James Rupert is a senior writer and editor at the U.S. Institute of Peace.

As a foreign affairs correspondent Rupert has reported from more than 70 countries for the Washington Post, Newsday and Bloomberg News, and served as a foreign affairs editor at the Post and Newsday. Over a 30-year journalism career, he has served as a resident correspondent in Morocco, Tunisia, France, India, Uzbekistan, Ukraine, Cote d’Ivoire and Pakistan. His coverage has focused heavily on South and Central Asia, the Arab and Islamic worlds, the former Soviet Union and Sub-Saharan Africa.

Rupert is a former Alicia Patterson Fellow and Michigan Journalism (now Knight-Wallace) Fellow. Before joining USIP in 2015, he served as a writer at the Atlantic Council and editor of its UkraineAlert newsletter.

Rupert graduated from Swarthmore College in 1979 and served as a Peace Corps volunteer, building and teaching in a vocational school in Morocco.

Publications By James

To Build Peace, Boost the Women Who Lead the Movements

To Build Peace, Boost the Women Who Lead the Movements

Tuesday, September 10, 2019

By: James Rupert

Images of this year’s grassroots movements for social and political change—such as the ouster of authoritarian rulers in Sudan and Algeria—reiterate that women worldwide are driving campaigns that can strengthen democracy and reduce violent conflicts. Yet 20 years after the United Nations proclaimed the need for women at the center of the world’s peacebuilding and stabilization efforts, they remain marginalized in those official processes. So when USIP and a program at the University of Denver organized a training initiative this summer for 14 women leading civic movements for social change, a message glared from the mountain of nominations received from experts and groups working on the world’s violent crises.

Type: Analysis and Commentary

Gender; Nonviolent Action

Tunisia, Stable Under Essebsi, Now Must Recruit Youth

Tunisia, Stable Under Essebsi, Now Must Recruit Youth

Monday, July 29, 2019

By: James Rupert

Tunisia, the single democracy to emerge from the Middle East’s 2011 political revolts, suddenly must choose a new leader following the death of 92-year-old President Beji Caid Essebsi. Essebsi was the country’s first freely elected president and helped lead its transition away from decades of authoritarian rule. His death accelerates a test for this young democracy—its first political succession under its 2014 constitution.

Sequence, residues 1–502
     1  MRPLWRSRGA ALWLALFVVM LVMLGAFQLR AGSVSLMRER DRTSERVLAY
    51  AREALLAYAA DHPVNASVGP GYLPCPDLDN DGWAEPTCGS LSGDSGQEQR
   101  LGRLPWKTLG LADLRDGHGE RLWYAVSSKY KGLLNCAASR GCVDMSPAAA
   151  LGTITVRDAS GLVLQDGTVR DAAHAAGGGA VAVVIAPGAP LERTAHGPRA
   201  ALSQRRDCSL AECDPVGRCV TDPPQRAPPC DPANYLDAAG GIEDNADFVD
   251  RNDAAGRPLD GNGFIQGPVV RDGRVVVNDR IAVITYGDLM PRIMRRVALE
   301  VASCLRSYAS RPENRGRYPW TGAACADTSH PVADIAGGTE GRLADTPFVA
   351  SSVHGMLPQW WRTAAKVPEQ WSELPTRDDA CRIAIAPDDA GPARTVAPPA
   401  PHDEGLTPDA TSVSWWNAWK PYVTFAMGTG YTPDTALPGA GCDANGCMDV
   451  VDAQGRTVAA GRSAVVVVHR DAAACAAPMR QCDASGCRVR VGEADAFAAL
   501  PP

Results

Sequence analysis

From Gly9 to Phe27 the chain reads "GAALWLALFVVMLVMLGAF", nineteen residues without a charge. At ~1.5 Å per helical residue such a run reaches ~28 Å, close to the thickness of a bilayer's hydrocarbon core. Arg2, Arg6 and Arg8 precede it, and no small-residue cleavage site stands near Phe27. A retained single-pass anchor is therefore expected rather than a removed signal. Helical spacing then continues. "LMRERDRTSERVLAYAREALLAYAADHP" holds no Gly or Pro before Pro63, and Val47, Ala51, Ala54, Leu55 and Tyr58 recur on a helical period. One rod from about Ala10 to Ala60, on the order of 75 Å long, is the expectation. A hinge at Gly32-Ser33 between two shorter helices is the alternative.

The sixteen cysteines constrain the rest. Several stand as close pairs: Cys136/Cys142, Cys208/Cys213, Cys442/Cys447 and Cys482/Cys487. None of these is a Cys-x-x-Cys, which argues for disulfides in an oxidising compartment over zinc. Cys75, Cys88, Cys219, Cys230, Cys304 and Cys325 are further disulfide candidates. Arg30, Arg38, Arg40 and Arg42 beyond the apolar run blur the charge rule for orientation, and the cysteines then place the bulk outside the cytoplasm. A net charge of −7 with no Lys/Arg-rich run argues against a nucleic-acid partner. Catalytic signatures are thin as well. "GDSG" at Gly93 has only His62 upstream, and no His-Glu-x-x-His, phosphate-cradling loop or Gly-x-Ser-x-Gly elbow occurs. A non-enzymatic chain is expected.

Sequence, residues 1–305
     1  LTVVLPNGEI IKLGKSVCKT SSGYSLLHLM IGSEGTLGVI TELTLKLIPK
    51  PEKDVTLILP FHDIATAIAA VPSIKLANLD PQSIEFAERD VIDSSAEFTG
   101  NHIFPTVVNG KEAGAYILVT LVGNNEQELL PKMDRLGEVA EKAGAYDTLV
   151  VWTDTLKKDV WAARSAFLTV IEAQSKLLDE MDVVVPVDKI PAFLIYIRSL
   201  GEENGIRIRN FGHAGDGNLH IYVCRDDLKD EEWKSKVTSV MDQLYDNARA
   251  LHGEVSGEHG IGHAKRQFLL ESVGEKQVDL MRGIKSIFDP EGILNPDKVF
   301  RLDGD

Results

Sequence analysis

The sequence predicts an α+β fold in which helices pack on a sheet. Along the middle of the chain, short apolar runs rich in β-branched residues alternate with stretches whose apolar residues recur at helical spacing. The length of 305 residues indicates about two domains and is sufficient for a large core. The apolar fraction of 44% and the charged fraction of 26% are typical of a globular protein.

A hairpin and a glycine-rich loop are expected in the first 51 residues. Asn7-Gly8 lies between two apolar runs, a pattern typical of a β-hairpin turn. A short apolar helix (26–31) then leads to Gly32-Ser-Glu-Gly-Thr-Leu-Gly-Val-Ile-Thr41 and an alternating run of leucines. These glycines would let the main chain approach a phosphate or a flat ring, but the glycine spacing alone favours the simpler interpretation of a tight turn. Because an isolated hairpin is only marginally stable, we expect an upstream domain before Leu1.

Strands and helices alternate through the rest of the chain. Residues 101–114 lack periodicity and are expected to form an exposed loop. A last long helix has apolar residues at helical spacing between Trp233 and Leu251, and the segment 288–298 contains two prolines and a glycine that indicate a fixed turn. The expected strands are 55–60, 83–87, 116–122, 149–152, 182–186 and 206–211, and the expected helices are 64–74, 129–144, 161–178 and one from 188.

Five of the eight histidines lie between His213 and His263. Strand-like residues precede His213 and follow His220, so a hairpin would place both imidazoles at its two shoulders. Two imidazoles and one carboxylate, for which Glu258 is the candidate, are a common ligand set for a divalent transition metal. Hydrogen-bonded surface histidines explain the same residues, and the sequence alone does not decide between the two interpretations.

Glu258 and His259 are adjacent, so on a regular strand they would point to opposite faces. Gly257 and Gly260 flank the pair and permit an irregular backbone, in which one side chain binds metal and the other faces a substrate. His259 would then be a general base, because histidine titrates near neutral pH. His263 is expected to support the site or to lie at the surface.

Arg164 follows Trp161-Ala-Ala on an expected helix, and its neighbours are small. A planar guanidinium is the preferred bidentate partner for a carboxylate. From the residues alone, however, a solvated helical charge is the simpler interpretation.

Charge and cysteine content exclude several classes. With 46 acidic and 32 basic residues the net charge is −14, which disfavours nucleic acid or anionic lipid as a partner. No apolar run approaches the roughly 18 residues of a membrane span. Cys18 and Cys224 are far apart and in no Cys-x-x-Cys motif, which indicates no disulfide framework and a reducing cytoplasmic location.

Youth

To Build Peace, Afghans Revive an Old Definition of Manhood

To Build Peace, Afghans Revive an Old Definition of Manhood

Tuesday, June 25, 2019

By: Asma Ebadi; James Rupert

Across Afghanistan, Rafiullah Stanikzai has spent thousands of hours with young men, learning how 40 years of war has warped Afghans’ ancient culture and corrupted their notions of how, simply, to be a man. Stanikzai is working to reverse that change, because stabilizing any country from war requires not only political negotiations, like those between U.S. diplomats and the Taliban. Any sustainable peace must also change enough hearts and minds that a people can return to settling disputes without guns and grenades.

Gender

Syria’s Ghalia Rahal: Surviving War, Building Peace

Syria’s Ghalia Rahal: Surviving War, Building Peace

Thursday, May 23, 2019

By: Palwasha L. Kakar; James Rupert

Amid the traumas of Syria’s war, women like Ghalia Rahal are building an unprecedented role in peace talks over their country’s future. Rahal—the founder of a network of women’s centers in northwest Syria—has helped energize a Syrian women’s movement despite threats from extremists, attacks on her workplaces, and the assassination of her son, a journalist. Now, Rahal and her women’s network in Syria’s Idlib Province face an extreme threat—the Syrian government military offensive against the province that has killed hundreds and displaced nearly 200,000 people.

Type: Analysis and Commentary

Gender

Amid Rising Sahel Violence, Burkina Faso Builds a Response

Amid Rising Sahel Violence, Burkina Faso Builds a Response

Thursday, May 16, 2019

By: James Rupert

A perfect storm of violence is breaking upon Africa’s Sahel. Since late 2018, communal conflicts—many over access to food, water or productive land—have produced thousands of deadly attacks. Across the region, nearly 4,800 people died in conflicts from November to March, according to the violence-monitoring group ACLED. The greatest surge in bloodshed is in Burkina Faso, where communal militias or religious extremists killed 500 people over five months. But amid the dire headlines, governments and civic groups in Burkina Faso and other Sahel countries cite progress in stabilizing communities with a basic step that simply has seldom been undertaken: broad, local dialogues among community groups, police forces and officials. Community leaders and government officials say they are now expanding those dialogues to improve national security policies to help counter the tide of violence.

Type: Analysis and Commentary

Fragility & Resilience; Justice, Security & Rule of Law

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